Disney to sell movies over Internet via CinemaNow in Windows Media Video format

“Walt Disney is planning to start selling movies over the Internet via CinemaNow, and this will include new film downloads – on the very day of release. Buena Vista Home Entertainment, Disney’s Home Video arm, is to make the films available, on a download-to-own basis,” TechTree reports. “This facility will allow downloaders the ability to purchase films, both new and old, for viewing on personal computers and portable devices. And, movies will be made available over the Internet the same day they would be available on DVDs. Customers will be able to move the films to other PCs or portable devices that support CinemaNow’s copyright-protection technology.”

“Starting June 6 this year with the DVD release of basketball drama ‘Glory Road,’ Disney will begin offering both new movies and older catalog titles like ‘The Insider’ via CinemaNow. Eisen explained that prices would be similar to DVDs, or about $20 per new title, and $10 for some of the older films. The movies that will be in Windows Media Video format, can be transferred to up to three more devices including laptop PCs and handheld electronic devices,” TechTree reports. “According to reports, Disney’s pact with CinemaNow is non-exclusive, meaning Disney can make similar deals with other online services in the future.”

Full article here.

[Thanks to MacDailyNews Reader “Jose” for the heads up.]

MacDailyNews Take: One has to wonder how Disney’s Board of Directors member and largest shareholder, Apple CEO Steve Jobs, feels about this Windows-only idea using a Microsoft format that excludes Mac and iPod users. Most likely, Jobs has a lot more cooking right now behind-the-scenes with Disney than this little CinemaNow venture.

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Related articles:
Mac users need not apply: Movielink launches Windows-only download service for major motion pictures – April 03, 2006
Disney completes Pixar acquisition; Steve Jobs now Disney’s single largest shareholder – May 05, 2006


  1. As long as they announce a similar solution via iTunes shortly, I’m not bothered. I’m not one of those people who think it should be all iTunes all the time, but I do think it’s stupid to exclude it entirely.

  2. “devices that support CinemaNow’s copyright-protection technology”

    Is that the same DRM in other Windows-based downloads? If not, everyone will have to buy a new portable player. Wouldn’t that be good for a laugh.

  3. Remembering that Apple did not open the market for mp3 portable music, but rather learned from the openers and then flawlessly executed a focused strategy, I am very comfortable watching these trial balloons.

  4. who cares
    for 20 bucks i’d rather just go and buy the dvd
    movies and songs are in different leagues

    people buy songs online to fill their “mobility” devices, not to build on-demand libraries

    buying crappy quality movies online just makes little sense
    here an on-demand subsription service really makes most sense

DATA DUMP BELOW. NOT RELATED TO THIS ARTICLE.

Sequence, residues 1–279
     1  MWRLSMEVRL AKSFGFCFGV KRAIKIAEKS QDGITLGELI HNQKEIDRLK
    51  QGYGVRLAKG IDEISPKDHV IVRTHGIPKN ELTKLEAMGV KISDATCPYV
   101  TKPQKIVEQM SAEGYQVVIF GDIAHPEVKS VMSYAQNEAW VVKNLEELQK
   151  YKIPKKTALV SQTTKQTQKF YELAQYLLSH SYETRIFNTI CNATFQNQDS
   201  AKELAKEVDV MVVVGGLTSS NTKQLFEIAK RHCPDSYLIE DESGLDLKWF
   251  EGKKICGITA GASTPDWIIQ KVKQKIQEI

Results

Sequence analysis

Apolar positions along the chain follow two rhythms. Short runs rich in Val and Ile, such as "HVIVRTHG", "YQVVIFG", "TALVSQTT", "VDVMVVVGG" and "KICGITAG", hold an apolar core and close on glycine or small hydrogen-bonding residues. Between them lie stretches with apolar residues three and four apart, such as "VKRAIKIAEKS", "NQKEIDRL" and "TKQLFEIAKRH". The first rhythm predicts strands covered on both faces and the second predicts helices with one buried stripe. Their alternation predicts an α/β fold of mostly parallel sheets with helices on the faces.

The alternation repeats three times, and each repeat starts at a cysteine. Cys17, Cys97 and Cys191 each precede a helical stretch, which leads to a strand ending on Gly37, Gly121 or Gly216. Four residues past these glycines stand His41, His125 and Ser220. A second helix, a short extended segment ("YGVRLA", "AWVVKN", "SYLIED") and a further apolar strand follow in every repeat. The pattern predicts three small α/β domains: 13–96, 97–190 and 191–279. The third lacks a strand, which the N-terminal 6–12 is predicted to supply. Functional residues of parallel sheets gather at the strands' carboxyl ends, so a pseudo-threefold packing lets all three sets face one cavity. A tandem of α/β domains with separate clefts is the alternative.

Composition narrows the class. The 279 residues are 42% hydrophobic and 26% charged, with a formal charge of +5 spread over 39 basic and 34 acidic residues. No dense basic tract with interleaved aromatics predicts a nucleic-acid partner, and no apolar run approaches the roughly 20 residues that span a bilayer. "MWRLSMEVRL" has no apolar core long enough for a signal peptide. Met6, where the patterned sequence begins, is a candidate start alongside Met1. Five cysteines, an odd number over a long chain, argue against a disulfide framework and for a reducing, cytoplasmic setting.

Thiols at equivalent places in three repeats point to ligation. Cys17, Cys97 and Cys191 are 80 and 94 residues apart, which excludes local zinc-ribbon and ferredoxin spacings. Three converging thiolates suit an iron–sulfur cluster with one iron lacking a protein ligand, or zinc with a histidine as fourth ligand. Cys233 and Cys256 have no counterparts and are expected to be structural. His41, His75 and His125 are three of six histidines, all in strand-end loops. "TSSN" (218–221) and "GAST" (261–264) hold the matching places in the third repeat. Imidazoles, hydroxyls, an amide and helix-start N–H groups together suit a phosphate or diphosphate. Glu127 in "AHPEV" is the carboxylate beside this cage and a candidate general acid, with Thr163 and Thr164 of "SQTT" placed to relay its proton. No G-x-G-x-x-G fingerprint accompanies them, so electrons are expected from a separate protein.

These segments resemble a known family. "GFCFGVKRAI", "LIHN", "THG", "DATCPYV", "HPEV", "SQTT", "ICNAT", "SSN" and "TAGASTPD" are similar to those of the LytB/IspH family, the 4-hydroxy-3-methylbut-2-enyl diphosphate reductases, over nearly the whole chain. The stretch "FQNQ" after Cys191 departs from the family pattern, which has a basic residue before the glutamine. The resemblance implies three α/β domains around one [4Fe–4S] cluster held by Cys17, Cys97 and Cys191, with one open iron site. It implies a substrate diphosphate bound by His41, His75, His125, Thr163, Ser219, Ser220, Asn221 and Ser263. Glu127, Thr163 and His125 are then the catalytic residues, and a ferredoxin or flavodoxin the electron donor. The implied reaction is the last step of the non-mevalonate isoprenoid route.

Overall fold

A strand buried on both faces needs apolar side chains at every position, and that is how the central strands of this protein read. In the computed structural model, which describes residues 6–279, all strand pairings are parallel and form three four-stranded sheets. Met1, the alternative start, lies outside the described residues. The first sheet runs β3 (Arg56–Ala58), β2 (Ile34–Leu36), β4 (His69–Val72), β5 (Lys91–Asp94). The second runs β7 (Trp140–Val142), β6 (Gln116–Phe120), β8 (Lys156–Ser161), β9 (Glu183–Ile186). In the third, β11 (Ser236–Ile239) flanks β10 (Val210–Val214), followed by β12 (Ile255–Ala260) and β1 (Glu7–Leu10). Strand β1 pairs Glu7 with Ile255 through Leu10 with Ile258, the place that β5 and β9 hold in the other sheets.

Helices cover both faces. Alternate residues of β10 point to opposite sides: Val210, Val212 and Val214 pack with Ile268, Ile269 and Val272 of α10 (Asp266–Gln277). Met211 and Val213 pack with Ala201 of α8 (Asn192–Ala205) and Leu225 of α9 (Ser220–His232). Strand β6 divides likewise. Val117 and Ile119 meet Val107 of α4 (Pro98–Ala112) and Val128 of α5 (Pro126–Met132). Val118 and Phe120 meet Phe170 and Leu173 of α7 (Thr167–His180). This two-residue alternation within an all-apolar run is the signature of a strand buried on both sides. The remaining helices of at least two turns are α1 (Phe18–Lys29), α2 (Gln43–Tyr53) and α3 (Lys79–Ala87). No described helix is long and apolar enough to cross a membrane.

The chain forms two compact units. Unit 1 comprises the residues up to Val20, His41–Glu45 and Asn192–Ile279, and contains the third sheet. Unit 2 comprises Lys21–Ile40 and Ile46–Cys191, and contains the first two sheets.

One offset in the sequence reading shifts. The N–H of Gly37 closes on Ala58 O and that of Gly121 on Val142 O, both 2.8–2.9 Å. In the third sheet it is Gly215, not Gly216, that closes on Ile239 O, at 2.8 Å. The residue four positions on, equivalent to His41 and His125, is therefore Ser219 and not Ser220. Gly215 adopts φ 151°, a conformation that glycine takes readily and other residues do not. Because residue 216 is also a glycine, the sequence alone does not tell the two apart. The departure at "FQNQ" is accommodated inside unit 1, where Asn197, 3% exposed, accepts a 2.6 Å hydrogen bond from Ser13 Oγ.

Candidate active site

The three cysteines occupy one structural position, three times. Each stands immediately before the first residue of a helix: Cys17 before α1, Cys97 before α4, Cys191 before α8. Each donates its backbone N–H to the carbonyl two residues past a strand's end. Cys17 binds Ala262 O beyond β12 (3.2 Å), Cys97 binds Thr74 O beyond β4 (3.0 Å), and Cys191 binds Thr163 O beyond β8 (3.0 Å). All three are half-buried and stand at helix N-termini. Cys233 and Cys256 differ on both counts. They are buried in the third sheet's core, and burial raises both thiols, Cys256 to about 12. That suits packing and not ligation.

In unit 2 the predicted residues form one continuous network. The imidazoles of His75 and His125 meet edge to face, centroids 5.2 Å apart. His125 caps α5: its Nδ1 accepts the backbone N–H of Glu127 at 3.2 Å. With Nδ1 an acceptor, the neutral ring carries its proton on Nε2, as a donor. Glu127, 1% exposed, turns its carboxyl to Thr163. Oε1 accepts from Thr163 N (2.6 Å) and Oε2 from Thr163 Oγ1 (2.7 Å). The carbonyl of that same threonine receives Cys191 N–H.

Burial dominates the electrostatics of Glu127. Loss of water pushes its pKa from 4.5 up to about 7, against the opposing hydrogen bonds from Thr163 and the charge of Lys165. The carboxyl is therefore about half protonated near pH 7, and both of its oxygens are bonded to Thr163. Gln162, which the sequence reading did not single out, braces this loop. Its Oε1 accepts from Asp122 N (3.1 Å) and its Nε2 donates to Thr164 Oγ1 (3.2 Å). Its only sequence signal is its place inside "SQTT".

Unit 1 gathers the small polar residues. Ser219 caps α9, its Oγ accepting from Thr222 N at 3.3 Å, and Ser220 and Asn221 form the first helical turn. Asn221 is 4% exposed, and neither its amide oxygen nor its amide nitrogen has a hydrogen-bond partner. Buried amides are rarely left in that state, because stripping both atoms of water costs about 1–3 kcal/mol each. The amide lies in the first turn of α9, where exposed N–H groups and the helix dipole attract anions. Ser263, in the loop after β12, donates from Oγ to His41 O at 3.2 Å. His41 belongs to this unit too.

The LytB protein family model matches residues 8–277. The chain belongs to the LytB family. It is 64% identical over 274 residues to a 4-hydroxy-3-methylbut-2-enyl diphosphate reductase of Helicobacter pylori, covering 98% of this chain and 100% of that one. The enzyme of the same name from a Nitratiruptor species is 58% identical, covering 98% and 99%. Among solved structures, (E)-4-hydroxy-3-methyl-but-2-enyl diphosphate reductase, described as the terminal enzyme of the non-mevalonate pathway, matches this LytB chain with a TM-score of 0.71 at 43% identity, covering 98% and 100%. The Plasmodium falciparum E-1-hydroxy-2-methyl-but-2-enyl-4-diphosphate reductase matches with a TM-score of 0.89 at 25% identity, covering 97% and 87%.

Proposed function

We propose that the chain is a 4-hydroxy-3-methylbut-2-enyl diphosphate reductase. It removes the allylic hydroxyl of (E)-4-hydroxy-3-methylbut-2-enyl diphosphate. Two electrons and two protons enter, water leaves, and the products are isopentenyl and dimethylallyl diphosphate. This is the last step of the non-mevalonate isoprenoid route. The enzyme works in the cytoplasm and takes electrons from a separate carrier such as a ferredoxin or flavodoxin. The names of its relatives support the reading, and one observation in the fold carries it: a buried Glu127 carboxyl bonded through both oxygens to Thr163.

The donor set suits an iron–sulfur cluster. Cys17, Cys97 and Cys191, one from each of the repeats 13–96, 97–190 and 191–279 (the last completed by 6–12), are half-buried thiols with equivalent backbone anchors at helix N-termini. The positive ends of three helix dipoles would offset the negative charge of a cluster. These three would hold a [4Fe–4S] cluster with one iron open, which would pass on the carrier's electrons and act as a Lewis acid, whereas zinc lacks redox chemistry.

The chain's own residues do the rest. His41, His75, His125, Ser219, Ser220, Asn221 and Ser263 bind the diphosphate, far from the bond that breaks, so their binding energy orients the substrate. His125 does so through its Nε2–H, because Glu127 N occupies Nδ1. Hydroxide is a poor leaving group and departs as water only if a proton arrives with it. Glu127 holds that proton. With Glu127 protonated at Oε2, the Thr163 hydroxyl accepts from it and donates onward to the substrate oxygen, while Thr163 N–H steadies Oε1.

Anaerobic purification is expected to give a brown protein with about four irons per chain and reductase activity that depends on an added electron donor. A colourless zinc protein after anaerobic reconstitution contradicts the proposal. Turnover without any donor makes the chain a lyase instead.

this is prob a hold-over from Eisner stupidity

  5. The conflict of interest rules governing public companies prevent Steve Jobs from making decisions for Disney as a director based on what is good for Apple or himself. The only consideration he must take into account is what is good for Disney shareholders. Don’t expect that everything Disney does will be favorable to Apple.

  6. $20!!!!
    man listen, I go on ebay 4 months l8r, and buy the same movie for like $8 with shipping. Paying outrageous prices for movies that aren’t exactly part of the Criterion Collection, is totally absurd.

    MDN magic word ‘seemed’ – to the greedy studios it seemed like a fair price

  7. MacDaddy – It would be in the financial interest of Disney shareholders to feature their content on the one downloadable music and video service with the overwhelmingly large market share, if that service inded started offering movies.

  8. Hello all.

    Maclover, I think you have a strong point. I am happy to pay a couple of bucks for a good quality and portable video of something I liked on tv (ie iTunes movies, etc) but If I am buying a $20 DVD movie, I want a hard copy. I might want to put a mini version on my laptop for a trip or something but to ONLY have it on my laptop?????

    And what happens when my 40 gig laptop is full of movies that I cant move elsewhere????? Do I throw away those $20 movies or just buy a new laptop???

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  9. Eisen explained that prices would be similar to DVDs, or about $20 per new title, and $10 for some of the older films.

    I smell limited success. Why pay the same amount as for a DVD, and end up with a product that is limited to 3 copies (although that won’t be that big of a deal) and takes up HD storage space?

    Wait until 90 days after release and you can buy the DVD from Hastings for $7.50 (used of course).

  10. Geez. Disney really knows how to screw things up. WMV format is crappy as hell. Quicktime is a billion times better.

    Now, Apple is no better here. They are getting stale more and more every day. Apple better get their act together and start getting actual movies in iTunes.

    Cmon Steve Job-o. Kick some butt and wake up your employees. They are starting to fall asleep at the wheel.

  11. So now we see what the studios want. They want us to buy the DVD AND buy a downloadable version. No thanks. I’ll just buy a DVD and rip it with Handbrake myself into a DRM-free version.

    Greedy bastards

  12. Why does everyone keep insisting that Jobs is going to run Disney. Him being on the board will not change how Disney operates. Does Al Gore influence Apple just because he is on Apple’s board?

    Jobs is a board member and largest shareholder and nothing else. Like we say back in Brooklyn, “Stop Sweatin’ Him”.

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